•  As for looking nice for the neighbors . . . well Ann, that may be something you'll have to navigate with them.  Vegetable gardens start out cute and small and then get rangy and sprawling once they start producing.  There's no way to get around that.  Maybe if you use all the same style and/or color of pot, or put pots of flowers in between to "prettify" the layout.  Or invite the neighbors to plant something in one of the pots so they feel invested in the project!

Cages and chicken wire -- the latter rolled up to use again next year. (The brick is to keep them from blowing off the porch.  We had some very windy days last week.)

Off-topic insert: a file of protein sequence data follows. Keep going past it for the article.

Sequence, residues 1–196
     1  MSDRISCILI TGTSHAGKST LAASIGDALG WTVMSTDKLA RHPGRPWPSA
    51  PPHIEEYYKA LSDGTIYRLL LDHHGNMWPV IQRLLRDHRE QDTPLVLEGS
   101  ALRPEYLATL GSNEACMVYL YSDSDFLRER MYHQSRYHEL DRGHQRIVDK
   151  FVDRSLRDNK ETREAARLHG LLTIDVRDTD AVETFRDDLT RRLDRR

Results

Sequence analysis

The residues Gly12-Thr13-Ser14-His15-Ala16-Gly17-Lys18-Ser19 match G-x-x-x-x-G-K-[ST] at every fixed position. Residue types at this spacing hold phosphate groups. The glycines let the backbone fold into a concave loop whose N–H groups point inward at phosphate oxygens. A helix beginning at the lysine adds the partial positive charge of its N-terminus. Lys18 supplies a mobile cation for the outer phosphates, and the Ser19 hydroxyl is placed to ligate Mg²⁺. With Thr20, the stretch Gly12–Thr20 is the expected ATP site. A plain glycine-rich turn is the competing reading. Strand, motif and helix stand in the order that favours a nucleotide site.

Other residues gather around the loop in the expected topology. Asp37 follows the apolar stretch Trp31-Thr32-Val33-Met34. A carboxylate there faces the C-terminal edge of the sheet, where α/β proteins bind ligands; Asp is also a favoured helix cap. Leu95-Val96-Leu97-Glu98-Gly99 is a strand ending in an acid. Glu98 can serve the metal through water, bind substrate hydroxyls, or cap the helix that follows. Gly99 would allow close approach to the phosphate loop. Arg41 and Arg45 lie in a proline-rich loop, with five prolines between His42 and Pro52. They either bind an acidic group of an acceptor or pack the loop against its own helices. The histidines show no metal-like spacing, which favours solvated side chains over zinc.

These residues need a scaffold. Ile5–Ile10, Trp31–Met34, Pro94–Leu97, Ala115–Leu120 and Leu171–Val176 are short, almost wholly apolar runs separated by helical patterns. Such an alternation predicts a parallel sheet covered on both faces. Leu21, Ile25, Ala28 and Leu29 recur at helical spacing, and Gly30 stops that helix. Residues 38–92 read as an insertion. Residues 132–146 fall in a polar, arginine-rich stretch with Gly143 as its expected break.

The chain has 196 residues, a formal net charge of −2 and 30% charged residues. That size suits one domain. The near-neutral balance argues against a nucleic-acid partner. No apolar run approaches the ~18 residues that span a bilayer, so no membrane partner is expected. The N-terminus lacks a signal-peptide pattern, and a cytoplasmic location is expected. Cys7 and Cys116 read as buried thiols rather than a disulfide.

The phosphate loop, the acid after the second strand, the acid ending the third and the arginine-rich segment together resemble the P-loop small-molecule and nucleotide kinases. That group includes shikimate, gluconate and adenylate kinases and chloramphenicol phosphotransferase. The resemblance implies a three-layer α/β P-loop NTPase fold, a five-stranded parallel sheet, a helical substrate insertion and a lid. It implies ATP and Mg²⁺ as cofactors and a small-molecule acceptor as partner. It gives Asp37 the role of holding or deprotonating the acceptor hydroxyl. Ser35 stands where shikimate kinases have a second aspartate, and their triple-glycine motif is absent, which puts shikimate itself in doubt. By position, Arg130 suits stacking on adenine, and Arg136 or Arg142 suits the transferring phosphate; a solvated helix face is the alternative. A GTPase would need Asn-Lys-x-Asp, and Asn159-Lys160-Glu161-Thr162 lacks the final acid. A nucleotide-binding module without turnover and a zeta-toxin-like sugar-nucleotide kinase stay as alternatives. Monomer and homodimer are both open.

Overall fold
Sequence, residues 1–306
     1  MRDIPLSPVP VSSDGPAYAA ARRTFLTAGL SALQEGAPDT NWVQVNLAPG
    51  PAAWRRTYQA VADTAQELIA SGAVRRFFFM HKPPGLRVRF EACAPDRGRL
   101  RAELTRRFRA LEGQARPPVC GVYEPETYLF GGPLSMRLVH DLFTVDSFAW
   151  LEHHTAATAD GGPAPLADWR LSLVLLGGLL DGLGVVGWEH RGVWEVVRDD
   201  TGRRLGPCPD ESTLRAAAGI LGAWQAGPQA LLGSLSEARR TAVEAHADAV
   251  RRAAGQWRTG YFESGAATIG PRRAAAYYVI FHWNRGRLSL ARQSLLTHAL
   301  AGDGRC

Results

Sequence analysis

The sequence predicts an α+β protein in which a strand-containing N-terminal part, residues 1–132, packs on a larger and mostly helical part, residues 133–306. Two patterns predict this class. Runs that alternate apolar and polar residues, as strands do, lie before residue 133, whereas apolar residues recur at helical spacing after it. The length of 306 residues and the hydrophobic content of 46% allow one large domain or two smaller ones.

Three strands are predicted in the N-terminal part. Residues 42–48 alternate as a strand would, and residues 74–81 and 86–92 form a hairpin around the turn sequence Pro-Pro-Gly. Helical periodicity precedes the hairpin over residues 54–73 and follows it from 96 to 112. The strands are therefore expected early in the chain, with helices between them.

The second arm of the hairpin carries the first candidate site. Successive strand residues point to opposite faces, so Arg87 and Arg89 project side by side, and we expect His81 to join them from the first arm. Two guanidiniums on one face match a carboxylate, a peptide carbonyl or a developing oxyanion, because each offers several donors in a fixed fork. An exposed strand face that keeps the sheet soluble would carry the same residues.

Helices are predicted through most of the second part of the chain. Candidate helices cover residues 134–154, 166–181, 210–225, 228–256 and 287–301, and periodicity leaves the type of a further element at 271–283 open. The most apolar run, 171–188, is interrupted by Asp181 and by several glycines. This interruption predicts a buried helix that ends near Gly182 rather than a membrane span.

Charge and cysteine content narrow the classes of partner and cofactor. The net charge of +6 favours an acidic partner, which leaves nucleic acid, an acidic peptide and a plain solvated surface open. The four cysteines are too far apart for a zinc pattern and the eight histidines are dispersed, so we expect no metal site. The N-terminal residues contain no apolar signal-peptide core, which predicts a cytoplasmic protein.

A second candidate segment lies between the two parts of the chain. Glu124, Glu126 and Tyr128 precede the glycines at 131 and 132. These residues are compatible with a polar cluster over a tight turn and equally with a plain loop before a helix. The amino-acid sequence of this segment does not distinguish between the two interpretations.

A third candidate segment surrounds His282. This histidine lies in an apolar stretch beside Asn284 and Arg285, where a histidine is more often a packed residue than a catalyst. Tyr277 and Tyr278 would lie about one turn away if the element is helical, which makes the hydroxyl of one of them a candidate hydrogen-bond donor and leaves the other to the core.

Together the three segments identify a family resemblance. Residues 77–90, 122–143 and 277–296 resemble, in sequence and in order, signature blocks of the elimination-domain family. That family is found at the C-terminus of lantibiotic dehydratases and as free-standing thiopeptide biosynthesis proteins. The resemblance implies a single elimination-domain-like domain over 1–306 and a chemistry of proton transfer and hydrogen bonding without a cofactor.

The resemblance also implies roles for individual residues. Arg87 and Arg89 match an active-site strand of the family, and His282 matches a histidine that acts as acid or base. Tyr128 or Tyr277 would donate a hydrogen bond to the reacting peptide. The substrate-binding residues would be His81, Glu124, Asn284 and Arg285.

And here's the last look - including the remaining flowering plants: the hardy geraniums, the plant-with-no-name (nice purple fuzzy blooms though!) and  happy, fat mums, compliments of our landlord upstairs!


  1. Sorry the harvest was limited to the tomatoes. I have never tried gardening on my porch. I have been tempted though. Maybe next year if I find affordable pots.

    1. Bill, I've lucked out on pots. Most have been given to me by family and friends when they were moving or downsizing or clearing out their garages. The two big blue tubs I bought this year were on sale for $6.99 each. I got them originally to mix/reinvigorate old soil in. The shiny green pots to either side of the long geraniums planter were part of a 4 for $10 at our local Menards this year. They're plastic actually, but look like glazed ceramic.